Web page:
As a marine biologist, I am always spellbound watching whales on the open sea. Witnessing their majestic movements, they are the most marine of all creatures, but I never fully appreciated their origins until I researched the topic before writing SOT. I focused on the ancestors of cetaceans because they are super-cool and are a great hook to get people to read my book. They also use sonar and sing songs and thus are perfect to play a major part of the “songs” of Thalassa (but they are not the only ones).
Modern whales also play an important role in Polynesian (and Hawaiian) culture and have a tragic history of exploitation. For all of these reasons, I used the Nesoi, Ceti, and Baleena as central figures in SOT. Please remember that these are not the same as their counterparts on earth for two reasons: first, they are of uncertain origin; and second, they have evolved on Thalassa for millions of years. For more on these amazing creatures, you’ll have to wait for my next book, Songs of Hina.
So to begin, imagine an ocean with no whales, no dolphins, and no porpoises. If you could travel through time and swim in Earth’s warm Tethys Sea of 50 million years ago (mya) you’d be startled by the early ancestors of whales — the walking whales; the model for the Nesoi.
Whales and their relatives, the cetaceans, are related to terrestrial (even-toed) ungulates like the hippopotamus. They are all descendants of semi-aquatic animals that invaded the empty sea in Eocene times to prey on rich marine resources (and the absence of marine reptiles). To truly understand the story of cetaceans we need to place their ancestors, deduced from fossil evidence, in the context of continental drift and the formation and fate of the Tethys, and (natural) long-term climate change. For the full story, go here.
Drivers of Whale Evolution: Continental Drift and Climate
Fossils of the walking whales show they evolved in the Tethys’ swamp-like seas then spread through what would become the Mediterranean and Caribbean seas and eventually to the Pacific coasts and worldwide oceans. Much of their success was driven by climate. In the beginning, when the ancestors of whales invaded the sea, it was super warm –the warmest seen in the last 65 million years. But 15 million years later, Earth shifted to a cool, ocean-rich ice age. It was the perfect climatic driver for the success and spread of early cetaceans.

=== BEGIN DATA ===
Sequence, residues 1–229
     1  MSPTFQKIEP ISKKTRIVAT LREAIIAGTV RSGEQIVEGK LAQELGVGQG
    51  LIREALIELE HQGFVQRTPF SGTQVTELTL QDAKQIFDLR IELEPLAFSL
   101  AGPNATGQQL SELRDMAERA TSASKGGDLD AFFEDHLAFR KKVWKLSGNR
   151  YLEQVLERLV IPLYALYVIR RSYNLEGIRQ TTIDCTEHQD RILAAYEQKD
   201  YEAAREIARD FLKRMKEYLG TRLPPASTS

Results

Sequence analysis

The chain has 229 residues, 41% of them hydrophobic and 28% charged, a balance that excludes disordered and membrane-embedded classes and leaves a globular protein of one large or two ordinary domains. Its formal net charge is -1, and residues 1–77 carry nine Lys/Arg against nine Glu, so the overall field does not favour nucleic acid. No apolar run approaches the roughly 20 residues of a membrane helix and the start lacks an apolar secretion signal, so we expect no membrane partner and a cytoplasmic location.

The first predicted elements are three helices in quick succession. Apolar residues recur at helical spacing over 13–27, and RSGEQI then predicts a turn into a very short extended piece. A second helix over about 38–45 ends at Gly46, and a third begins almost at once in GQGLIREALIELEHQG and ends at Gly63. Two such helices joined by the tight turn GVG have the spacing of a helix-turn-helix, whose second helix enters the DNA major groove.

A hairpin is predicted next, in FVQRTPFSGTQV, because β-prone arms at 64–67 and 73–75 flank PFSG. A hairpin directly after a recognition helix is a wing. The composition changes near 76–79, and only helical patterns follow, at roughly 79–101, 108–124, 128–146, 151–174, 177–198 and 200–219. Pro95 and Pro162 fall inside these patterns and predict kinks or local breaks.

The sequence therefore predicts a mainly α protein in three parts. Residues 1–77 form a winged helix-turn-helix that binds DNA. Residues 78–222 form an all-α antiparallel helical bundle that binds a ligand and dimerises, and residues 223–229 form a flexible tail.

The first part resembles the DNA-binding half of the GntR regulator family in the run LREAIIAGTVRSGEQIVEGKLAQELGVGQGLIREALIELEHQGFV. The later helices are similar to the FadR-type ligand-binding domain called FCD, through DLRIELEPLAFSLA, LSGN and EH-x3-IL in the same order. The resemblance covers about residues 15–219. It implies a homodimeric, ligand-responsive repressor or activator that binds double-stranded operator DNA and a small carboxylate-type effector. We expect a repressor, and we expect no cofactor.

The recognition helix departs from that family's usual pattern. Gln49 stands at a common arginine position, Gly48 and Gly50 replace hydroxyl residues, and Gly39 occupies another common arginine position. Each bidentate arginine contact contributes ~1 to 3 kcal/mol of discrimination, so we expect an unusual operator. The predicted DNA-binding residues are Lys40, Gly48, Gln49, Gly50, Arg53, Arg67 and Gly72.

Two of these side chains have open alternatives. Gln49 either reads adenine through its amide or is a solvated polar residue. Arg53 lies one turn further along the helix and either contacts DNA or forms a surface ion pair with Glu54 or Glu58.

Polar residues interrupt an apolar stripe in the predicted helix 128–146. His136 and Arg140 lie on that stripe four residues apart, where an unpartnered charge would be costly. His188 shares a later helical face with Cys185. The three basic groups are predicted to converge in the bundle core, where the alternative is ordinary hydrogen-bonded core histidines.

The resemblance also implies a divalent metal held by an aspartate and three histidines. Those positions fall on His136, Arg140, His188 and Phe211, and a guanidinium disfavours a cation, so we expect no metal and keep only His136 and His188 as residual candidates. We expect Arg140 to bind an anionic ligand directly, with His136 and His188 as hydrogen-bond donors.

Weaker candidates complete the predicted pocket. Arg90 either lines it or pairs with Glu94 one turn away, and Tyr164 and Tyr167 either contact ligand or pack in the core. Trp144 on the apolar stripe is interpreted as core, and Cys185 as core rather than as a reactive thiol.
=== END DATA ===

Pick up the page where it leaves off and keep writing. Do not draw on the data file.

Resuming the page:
To help you understand the evolution of cetaceans, and the appearance of the major species in SOT, I’ve included a brief illustrated description of their journey to global prominence on earth.
Pakicetus — the first cetacean on Earth (49 mya)
Pakicetus was a dog-sized, mostly terrestrial mammal that occasionally hunted fish in the shallow Tethys sea. It had several unique characteristics adapted to a partial aquatic existence: upward-looking eyes, thick bones (which assist in floating), and a thickened skull bone to improve underwater hearing. This species was hugely successful in exploiting the rich marine resources of the shallow seas. As it became adapted to a more aquatic existence, over a million years it gave rise to another more ocean-oriented species.
Ambulocetus — the walking whales (48 mya), model for the Nesoi
Fossils of Ambulocetus were first found in Pakistan in 1994 and made headlines as the “walking whale” due to its combined aquatic and terrestrial features. Why Pakistan you might ask? If you go back to the Eocene, the continent that would become India was surrounded by ocean and was slowly rafting towards Asia. As got close it created the warm, shallow, island-rich Tethys Sea which persisted for millions of years. It was the perfect setting for a mammal to invade the sea. Today, the fossils of early cetaceans are found in the continental shelves of the former Tethys, which are exposed in modern-day Pakistan, Afghanistan, and even the Himalayas; all former seafloor that was created by India’s collision with Asia.
Ambulocetus was up to 10 feet long and its crocodile-like shape included an elongated snout with upward-facing eyes. Studies suggest it was mostly aquatic, using its front and hind legs and tail to swim, but occasionally walked on land to drink fresh water and give birth. It was a big change from Pakicetus and one that supported the eventual spread of its descendants out of the Tethys corridor.